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Iraqi court sentences 'Chemical Ali' to death for third time

A court in Iraq has sentenced to death three officials for killing Shiites during the reign of Saddam Hussein. Among the convicted is Hassan al-Majid, better known as ‘Chemical Ali’.

In 1999, top Shiite clerical leader Mohammed Sadeq al-Sadr was assassinated, which led to a crackdown by the Baath Party to quell public protests. Sadr’s supporters accused Saddam Hussein’s agents of the assassination.

The verdict represents the third death sentence for Chemical Ali, who received his first death sentence for using poison gas against the Kurdish population in the 1980s. He was also sentenced to death for killing thousands of Shiites during an uprising following the Gulf War in 1991, Reuters reported.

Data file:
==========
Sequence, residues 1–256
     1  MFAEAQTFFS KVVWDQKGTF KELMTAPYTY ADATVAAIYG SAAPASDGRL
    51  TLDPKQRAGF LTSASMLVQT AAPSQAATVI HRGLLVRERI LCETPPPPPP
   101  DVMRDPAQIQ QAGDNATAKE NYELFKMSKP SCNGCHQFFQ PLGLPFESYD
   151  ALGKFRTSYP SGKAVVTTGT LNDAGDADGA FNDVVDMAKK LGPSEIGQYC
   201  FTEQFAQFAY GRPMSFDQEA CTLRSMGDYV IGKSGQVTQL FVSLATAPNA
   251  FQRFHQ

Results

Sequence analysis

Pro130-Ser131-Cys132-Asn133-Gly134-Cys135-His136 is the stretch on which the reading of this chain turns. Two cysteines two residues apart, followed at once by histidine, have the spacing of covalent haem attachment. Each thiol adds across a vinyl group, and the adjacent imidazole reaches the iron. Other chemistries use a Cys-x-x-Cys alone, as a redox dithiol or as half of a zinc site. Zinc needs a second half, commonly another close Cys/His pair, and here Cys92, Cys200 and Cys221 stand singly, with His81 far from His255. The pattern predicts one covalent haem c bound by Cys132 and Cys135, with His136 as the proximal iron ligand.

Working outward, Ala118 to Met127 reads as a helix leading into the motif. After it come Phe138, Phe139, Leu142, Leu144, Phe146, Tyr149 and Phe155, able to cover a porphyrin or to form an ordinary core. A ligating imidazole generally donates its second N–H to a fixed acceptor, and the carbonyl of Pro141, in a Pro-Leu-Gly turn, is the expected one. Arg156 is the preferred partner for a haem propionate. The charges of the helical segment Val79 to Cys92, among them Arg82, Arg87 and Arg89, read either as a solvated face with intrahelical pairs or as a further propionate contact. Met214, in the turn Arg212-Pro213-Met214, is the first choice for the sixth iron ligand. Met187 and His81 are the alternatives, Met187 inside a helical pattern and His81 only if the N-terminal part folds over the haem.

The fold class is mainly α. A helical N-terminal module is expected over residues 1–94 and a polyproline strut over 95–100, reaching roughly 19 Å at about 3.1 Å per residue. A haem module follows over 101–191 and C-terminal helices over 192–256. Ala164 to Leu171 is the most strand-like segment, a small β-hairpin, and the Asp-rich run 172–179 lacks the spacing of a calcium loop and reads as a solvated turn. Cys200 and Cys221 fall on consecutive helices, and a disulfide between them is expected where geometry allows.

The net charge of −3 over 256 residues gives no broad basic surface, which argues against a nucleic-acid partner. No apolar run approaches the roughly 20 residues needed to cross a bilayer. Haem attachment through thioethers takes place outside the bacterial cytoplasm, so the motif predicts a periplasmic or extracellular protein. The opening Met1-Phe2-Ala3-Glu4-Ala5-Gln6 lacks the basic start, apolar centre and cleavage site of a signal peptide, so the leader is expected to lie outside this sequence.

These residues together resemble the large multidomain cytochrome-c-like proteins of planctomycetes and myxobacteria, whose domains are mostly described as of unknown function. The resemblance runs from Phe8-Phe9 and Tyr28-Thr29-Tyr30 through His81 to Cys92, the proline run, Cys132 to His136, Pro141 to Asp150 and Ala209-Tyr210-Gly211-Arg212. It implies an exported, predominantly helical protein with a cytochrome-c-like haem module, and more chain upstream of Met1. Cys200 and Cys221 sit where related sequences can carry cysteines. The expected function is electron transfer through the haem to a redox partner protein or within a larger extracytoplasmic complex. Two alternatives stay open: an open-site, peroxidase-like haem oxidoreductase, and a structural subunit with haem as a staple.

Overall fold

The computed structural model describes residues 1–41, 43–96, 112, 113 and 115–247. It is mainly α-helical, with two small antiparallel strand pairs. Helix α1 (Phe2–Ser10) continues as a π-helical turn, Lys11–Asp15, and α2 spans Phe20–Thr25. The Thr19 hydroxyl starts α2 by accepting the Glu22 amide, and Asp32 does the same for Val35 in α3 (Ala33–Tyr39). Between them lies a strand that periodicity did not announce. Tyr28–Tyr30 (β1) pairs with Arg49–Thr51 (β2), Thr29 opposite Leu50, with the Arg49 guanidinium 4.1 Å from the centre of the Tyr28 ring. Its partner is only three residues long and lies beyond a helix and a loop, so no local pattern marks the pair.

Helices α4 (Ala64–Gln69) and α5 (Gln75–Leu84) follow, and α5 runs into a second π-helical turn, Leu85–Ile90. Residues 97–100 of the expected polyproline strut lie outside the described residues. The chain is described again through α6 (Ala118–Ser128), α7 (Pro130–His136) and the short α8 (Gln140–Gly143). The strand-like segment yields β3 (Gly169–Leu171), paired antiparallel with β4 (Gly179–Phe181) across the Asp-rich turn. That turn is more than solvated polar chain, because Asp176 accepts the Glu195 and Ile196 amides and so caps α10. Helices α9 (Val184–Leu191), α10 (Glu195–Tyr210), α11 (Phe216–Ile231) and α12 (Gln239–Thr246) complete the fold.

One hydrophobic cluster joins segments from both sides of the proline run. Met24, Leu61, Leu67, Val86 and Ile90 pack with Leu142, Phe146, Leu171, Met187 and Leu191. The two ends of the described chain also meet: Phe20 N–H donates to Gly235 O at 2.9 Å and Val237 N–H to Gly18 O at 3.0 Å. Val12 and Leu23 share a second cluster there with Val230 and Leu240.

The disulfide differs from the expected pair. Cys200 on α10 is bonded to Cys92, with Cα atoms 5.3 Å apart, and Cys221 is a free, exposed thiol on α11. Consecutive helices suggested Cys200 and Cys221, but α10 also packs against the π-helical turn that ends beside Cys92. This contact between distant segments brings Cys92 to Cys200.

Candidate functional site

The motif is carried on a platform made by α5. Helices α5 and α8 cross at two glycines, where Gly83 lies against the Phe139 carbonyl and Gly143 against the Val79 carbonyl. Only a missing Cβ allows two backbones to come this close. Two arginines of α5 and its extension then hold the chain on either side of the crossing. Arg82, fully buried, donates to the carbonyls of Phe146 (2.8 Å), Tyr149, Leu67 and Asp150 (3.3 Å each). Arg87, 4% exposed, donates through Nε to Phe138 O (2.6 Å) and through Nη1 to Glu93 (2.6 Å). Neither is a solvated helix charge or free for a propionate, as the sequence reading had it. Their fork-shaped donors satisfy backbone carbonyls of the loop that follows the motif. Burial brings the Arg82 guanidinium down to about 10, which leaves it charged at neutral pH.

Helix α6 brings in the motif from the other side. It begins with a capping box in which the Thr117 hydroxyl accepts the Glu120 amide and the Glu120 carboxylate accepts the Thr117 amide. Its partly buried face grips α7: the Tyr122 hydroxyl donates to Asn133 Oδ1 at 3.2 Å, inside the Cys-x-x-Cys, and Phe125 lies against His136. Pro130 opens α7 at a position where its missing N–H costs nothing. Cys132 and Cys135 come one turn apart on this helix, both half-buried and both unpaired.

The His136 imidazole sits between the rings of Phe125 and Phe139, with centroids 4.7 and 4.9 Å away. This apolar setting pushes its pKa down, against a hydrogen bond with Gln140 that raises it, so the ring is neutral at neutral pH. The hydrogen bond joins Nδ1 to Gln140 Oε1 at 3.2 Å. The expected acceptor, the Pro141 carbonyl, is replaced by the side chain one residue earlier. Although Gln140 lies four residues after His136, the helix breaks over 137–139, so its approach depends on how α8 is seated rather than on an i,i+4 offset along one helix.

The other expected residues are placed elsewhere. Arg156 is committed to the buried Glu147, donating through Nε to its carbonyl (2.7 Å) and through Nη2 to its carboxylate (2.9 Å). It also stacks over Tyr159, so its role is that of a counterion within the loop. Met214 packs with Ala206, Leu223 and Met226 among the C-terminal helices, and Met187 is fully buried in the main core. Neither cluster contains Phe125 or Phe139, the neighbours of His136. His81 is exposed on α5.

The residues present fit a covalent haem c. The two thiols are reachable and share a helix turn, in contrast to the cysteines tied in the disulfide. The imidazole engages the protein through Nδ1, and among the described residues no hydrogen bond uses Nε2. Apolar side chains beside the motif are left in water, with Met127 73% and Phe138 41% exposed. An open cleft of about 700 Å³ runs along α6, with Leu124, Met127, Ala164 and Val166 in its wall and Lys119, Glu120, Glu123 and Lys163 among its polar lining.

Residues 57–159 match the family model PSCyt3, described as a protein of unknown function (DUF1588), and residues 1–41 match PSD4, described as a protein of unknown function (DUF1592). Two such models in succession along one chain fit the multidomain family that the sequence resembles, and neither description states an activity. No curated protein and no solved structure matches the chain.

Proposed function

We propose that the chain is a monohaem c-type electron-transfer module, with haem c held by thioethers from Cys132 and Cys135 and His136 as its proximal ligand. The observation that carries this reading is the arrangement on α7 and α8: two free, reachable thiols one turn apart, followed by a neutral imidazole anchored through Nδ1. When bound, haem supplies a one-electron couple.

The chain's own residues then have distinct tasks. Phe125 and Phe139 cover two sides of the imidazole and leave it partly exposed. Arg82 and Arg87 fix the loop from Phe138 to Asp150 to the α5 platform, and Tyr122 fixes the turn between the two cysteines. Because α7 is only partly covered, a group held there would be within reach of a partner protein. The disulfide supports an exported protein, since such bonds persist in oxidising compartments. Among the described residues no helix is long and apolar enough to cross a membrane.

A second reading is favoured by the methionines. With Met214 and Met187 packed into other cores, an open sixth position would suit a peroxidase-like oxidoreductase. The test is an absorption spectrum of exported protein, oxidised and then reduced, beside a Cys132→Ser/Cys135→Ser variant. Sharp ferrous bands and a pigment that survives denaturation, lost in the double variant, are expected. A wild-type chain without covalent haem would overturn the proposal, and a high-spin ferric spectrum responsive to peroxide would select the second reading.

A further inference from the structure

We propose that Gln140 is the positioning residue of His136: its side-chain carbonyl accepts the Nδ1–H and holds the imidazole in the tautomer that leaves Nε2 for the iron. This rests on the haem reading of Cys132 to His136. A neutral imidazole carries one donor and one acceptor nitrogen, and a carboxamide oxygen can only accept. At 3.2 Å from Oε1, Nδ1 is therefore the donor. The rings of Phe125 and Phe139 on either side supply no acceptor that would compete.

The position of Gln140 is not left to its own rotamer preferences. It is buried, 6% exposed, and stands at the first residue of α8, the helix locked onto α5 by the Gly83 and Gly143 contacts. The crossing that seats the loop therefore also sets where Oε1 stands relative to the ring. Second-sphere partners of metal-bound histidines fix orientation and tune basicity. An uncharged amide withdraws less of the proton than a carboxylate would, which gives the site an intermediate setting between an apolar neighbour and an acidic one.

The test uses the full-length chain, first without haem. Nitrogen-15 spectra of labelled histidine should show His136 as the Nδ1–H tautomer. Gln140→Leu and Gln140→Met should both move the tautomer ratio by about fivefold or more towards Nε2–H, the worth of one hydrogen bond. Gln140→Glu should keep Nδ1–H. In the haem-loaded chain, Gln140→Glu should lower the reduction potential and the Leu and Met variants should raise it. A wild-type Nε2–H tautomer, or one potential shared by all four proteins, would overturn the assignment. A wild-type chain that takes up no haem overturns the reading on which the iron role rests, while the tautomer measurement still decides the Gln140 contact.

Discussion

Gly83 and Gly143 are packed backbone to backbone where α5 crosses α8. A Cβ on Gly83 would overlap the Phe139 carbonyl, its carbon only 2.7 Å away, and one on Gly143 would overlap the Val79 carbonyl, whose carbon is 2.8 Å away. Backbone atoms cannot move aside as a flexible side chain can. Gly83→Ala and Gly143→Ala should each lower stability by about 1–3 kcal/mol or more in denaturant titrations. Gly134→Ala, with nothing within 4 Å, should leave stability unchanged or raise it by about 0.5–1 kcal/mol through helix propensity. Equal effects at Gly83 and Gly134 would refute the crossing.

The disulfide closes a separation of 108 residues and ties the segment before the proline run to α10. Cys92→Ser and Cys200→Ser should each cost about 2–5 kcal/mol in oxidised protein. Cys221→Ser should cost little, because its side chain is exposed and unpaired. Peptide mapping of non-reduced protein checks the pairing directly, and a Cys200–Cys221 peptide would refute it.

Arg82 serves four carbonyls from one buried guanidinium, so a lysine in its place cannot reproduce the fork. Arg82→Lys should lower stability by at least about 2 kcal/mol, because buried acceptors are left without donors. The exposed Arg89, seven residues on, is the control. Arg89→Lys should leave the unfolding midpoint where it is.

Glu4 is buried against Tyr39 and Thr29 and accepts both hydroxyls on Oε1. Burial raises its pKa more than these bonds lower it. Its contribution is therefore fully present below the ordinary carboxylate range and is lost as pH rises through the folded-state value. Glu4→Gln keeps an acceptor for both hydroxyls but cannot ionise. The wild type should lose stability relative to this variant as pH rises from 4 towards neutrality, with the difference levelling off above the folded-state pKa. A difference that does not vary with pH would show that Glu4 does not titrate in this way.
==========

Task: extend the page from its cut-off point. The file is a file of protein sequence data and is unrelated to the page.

Three other former Saddam officials received life sentences. Two, including former Foreign Minster Tariq Aziz, were acquitted of their charges, according to the Associated Press. Aziz, however, is due to appear in court again on other charges.

The High Tribunal in Iraq was set up after the US invasion in 2003 to try former members of Saddam's government. Since then, four people have been sentenced to death, including Saddam Hussein himself, who was executed by hanging on December 30, 2006.

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